Swendsen never stopped. He said he has lost 220 pounds of fat, gained 40 pounds of muscle and cut half an hour off his mile time, which used to be 38 minutes. He has developed a passion for fitness and is training to be a competitive bodybuilder, something his overweight self wouldn't have imagined in his wildest dreams.
And most importantly, he is beginning to love himself, he said.
“My mom always reassured me, like, ‘This is who you are. Love it. Express it. Love yourself,' " Swendsen said. "She always told me I was beautiful, always told me I was a good-looking kid, but deep down inside I never believed her. Everybody would always say, 'You’re an amazing kid, you’re a big kid, you’re going to go far.' But I was like, ‘I don’t see it.’ And I’m starting to realize, how did these people see this before I could?”
"Our conversations are more positive (now)," Elwell said. "The outside world sees him positive and looking good. He likes it, he'll flex for me all the time and his smile just melts my heart. Mothers will understand, just to see your child happy."
Swendsen said all his personal success has given him a greater desire to help others. In addition to competing in bodybuilding, he wants to go to school and study sports psychology and become a trainer. Once he makes enough money to be stable and support his future family, his goal is to open a nonprofit gym for troubled youths, and he wants to share his story to motivate others that anything is possible.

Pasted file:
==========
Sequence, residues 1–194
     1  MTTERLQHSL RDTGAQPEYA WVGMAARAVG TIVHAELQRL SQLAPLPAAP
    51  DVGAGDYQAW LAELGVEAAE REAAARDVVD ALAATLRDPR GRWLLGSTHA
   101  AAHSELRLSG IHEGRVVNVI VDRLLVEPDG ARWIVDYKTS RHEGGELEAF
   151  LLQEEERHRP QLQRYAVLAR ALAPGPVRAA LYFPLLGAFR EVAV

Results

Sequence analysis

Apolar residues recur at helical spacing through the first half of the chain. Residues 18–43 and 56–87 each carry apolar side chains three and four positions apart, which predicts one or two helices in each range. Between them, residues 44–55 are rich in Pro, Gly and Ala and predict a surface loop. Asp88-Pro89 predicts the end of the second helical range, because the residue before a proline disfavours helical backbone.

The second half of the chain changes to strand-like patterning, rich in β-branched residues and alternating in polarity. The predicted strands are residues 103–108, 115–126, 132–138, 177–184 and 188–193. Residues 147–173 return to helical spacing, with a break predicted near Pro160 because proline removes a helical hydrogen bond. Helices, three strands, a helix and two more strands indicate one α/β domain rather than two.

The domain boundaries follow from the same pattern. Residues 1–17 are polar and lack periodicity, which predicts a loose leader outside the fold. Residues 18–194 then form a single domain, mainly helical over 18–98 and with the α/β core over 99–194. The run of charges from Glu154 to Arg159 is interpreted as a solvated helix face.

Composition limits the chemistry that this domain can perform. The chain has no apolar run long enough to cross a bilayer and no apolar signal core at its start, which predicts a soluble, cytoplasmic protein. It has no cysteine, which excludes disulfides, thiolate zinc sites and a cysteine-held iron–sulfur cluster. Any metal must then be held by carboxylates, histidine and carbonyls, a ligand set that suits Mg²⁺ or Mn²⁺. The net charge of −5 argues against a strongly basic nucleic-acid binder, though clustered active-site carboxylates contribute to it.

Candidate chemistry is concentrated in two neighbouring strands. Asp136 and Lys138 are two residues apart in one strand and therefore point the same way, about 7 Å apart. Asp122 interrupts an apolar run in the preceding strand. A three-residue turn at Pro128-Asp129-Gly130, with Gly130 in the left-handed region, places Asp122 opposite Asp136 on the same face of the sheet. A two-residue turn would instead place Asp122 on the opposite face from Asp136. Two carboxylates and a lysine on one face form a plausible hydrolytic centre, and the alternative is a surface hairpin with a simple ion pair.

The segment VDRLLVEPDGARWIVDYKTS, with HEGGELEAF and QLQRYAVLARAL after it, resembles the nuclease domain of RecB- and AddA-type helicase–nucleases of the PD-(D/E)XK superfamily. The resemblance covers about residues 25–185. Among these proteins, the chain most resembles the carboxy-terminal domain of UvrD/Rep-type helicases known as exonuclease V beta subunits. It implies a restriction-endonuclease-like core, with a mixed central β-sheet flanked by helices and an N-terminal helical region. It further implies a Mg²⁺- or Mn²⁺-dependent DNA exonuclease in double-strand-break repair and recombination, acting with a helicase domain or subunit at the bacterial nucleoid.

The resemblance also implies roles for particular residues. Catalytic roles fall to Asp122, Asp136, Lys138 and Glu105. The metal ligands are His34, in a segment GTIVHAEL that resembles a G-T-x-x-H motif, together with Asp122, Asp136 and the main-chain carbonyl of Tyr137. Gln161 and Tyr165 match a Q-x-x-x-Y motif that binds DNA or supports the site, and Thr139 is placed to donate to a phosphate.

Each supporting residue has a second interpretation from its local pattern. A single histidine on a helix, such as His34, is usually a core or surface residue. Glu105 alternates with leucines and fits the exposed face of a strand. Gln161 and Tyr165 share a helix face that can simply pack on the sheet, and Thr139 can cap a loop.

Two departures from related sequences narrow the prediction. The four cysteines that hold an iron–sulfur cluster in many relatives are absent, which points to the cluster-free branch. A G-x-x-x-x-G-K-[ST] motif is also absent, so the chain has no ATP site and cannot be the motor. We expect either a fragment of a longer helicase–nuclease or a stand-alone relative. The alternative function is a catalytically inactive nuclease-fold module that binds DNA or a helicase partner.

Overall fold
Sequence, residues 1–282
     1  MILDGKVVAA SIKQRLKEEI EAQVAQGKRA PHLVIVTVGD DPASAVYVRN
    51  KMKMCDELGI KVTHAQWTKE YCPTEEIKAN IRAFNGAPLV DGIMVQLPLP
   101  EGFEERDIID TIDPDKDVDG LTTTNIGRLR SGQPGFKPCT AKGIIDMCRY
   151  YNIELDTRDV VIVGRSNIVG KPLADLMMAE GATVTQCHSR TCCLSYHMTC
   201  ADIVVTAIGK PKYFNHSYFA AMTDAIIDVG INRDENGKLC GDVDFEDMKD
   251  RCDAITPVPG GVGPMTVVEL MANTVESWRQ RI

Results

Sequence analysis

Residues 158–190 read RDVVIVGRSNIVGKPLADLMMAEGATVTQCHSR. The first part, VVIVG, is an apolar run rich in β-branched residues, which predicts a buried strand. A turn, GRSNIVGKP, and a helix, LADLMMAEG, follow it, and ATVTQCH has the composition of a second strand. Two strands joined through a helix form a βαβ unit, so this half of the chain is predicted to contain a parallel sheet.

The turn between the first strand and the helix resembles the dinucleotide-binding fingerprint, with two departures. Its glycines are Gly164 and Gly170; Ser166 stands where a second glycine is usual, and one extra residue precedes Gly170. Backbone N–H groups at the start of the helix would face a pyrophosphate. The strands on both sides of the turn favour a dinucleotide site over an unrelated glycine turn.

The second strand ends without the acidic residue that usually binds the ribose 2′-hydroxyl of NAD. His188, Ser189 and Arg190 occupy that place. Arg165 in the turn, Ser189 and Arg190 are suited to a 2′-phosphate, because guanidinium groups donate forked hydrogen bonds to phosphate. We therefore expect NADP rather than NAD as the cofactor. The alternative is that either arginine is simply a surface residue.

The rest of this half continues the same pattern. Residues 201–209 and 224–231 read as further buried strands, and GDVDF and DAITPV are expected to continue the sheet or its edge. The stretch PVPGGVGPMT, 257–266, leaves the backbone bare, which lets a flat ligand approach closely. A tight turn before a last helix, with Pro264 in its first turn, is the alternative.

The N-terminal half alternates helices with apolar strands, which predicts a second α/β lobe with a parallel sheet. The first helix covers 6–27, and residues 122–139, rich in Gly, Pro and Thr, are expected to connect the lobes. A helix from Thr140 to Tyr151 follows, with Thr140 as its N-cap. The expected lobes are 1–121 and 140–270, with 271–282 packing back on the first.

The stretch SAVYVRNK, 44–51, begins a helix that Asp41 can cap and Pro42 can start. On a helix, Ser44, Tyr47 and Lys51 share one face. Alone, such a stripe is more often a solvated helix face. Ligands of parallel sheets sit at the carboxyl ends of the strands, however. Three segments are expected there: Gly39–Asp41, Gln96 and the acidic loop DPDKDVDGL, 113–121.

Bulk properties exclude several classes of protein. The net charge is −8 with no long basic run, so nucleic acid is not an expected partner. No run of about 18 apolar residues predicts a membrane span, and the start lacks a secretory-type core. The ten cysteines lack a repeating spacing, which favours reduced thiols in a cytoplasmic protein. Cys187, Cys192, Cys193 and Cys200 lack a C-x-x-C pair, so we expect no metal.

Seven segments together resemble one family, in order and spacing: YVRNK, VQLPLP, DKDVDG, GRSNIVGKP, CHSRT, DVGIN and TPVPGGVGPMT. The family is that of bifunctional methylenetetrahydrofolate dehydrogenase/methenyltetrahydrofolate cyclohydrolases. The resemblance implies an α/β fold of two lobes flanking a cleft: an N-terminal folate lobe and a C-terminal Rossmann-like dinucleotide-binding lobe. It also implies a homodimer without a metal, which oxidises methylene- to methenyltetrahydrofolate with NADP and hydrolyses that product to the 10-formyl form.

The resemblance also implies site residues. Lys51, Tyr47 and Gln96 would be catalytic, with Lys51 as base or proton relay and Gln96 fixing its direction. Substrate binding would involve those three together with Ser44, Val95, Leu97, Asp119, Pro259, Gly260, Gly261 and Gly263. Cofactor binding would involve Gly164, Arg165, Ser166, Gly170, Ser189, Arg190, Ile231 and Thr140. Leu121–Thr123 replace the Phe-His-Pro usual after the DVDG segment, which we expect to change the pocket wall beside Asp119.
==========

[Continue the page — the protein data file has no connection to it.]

“If I can give other people this passion and just this happiness and guidance, if I can give it to one person, if I can change one person’s life, my life is complete. I've succeeded,” he said. “If I can do more, then let’s do it. ... Money is going to come and go, but you end up leaving life with what you did and who you were, not what you had."
He said in addition to his family’s support, God has played an integral part in his transformation.
“We all owe our lives to God, but I literally owe my life to God because I’ve tried to take it so many times,” he said. “And for him to not let me take my life and be like, ‘No, I don’t want you up here. I want you down there because you have a higher purpose,’ he has blessed me so much with this passion and this gift (of fitness).”